Subject: Re: Successful FSBs
From: "Stephen J. Turnbull" <>
Date: Tue, 01 Oct 2002 16:58:25 +0900

>>>>> "Benjamin" == Benjamin J Tilly <" <>> writes:

    Benjamin> Bills like the DMCA and the proposed CBDTPA, along with
    Benjamin> technologies like Palladium, are objected to because the
    Benjamin> cost of the coercion needed to enforce copyright
    Benjamin> surpasses the general benefit of the same.  (IMHO of
    Benjamin> course.)

That may be why you object to them.  I object to coercion (strictly
defined) and invasion of privacy in principle.  I accept them only
with due process and in the interest of resolving conflicts with
principles of similar status.  "General benefit" is not an excuse.

Of course as an economist I often appeal to the calculus of "general
benefit" as a convenient tool.  But this is justified because in
general there are many liberal institutions that enable improvements
in general benefit as an outcome, and we may want to choose "good"
ones.  I don't justify liberal institutions on the grounds that they
maximize general benefit (although for a remarkable share of common
situations they do, under a variety of definitions of general benefit).

    >> This is actually plausible in that there is no obligation for
    >> the FSF to distribute your code, and therefore you may have no
    >> rights to it at all in the absence of explicit FSF permission,
    >> unless you have previously distributed it under a free license!
    >> This is of practical significance for those who have, as I
    >> have, signed assign.future.

    Benjamin> Given that one no longer owns copyright, it is no
    Benjamin> surprise that you would afterwards have no more rights
    Benjamin> than any member of the general public.

Oh?  You don't find the implication that "XEmacs may not distribute
Steve Turnbull's contributions without explicit FSF permission"
disconcerting?  What is surprising is that I may have _fewer_ rights
than a member of the general public.  Clearly, any of them can derive
and distribute a work.  It is not clear that I can distribute (in the
absence of the license-back clause), because my code has not been
licensed by the FSF and therefore is NOT covered by XEmacs's GPL.
They are not otherwise required to license the code at all, although
if they do distribute it must be covered by a free license.  It's a
Catch-22, a curiosum, but that's how lawyers earn their keep.

    Benjamin> I am kind of curious about this.  Suppose that I offer a
    Benjamin> copyright license.  And then I sell my copyright.  Who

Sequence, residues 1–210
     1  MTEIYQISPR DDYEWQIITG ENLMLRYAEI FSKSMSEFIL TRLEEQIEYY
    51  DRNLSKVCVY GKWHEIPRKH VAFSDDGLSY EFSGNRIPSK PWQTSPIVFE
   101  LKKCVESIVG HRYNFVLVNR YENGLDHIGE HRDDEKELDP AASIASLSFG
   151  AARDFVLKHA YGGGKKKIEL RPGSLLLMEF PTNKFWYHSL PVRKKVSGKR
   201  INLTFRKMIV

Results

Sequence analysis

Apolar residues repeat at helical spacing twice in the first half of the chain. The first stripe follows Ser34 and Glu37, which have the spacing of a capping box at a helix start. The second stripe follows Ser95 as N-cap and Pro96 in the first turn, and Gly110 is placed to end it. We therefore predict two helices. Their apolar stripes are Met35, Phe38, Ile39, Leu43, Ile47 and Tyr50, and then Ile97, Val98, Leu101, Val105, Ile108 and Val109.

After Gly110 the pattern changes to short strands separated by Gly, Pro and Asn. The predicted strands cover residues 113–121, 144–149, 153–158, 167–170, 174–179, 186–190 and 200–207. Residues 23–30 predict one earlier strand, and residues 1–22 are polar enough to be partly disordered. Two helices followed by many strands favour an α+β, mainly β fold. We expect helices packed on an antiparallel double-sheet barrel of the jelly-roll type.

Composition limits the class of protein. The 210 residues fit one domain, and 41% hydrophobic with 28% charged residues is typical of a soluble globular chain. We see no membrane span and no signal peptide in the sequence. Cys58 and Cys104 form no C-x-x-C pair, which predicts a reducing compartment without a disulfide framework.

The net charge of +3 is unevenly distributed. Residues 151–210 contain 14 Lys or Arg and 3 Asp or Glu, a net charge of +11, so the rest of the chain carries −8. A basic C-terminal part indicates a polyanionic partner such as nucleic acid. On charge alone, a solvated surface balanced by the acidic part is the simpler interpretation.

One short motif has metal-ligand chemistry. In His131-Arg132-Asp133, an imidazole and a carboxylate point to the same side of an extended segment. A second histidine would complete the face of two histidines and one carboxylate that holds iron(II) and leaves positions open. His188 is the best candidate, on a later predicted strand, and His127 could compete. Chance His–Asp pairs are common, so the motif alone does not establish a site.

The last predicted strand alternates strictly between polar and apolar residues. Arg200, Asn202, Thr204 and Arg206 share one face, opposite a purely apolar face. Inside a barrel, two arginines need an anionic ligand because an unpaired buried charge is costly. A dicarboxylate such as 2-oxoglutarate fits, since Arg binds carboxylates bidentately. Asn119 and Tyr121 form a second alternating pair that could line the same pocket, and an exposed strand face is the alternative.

Benjamin> do users have that license with now?  Me?  The current
    Benjamin> owner?

That depends on the terms of the license and of the transfer of
copyright.  By default, still you.  That's the way contracts work.

    Benjamin> And if it is the current owner, then are they bound by
    Benjamin> my previous license?

That depends on the terms of the license and the terms of the
copyright assignment, and what you mean by "bound".  By default, they
cannot revoke it, but do not have any obligations under it.

    Benjamin> Do I have a responsibility to disclose this?

Moral, yes (IMHO).  Legal, ask a lawyer.

    Benjamin> What would happen if, for instance, someone released
    Benjamin> code under a BSD license, then later moved to the GPL,
    Benjamin> then assigned copyright to the FSF?

There would be three sets of licensees.  A set of BSD licensees from
you (including transitive licenses via your direct BSD licensees[1]),
a set of GPL licensees from you (ditto), and a set of (presumably) GPL
licensees from the FSF.

    Benjamin> What would be the status of a proprietary company who
    Benjamin> was using code derived from the BSD codebase?

Unchanged, except they would have the option of switching to GPL in
order to take advantage of the improvements, if any, in your GPL and
the FSF's GPL code bases.

[1]  You can withdraw your BSD license if you like, but in practice to
make that effective you either have to (a) buy back all copies or (b)
write a new version so good that everybody will take the new version
under the new conditions.

Institute of Policy and Planning Sciences
University of Tsukuba                    Tennodai 1-1-1 Tsukuba 305-8573 JAPAN
 My nostalgia for Icon makes me forget about any of the bad things.  I don't
have much nostalgia for Perl, so its faults I remember.  Scott Gilbert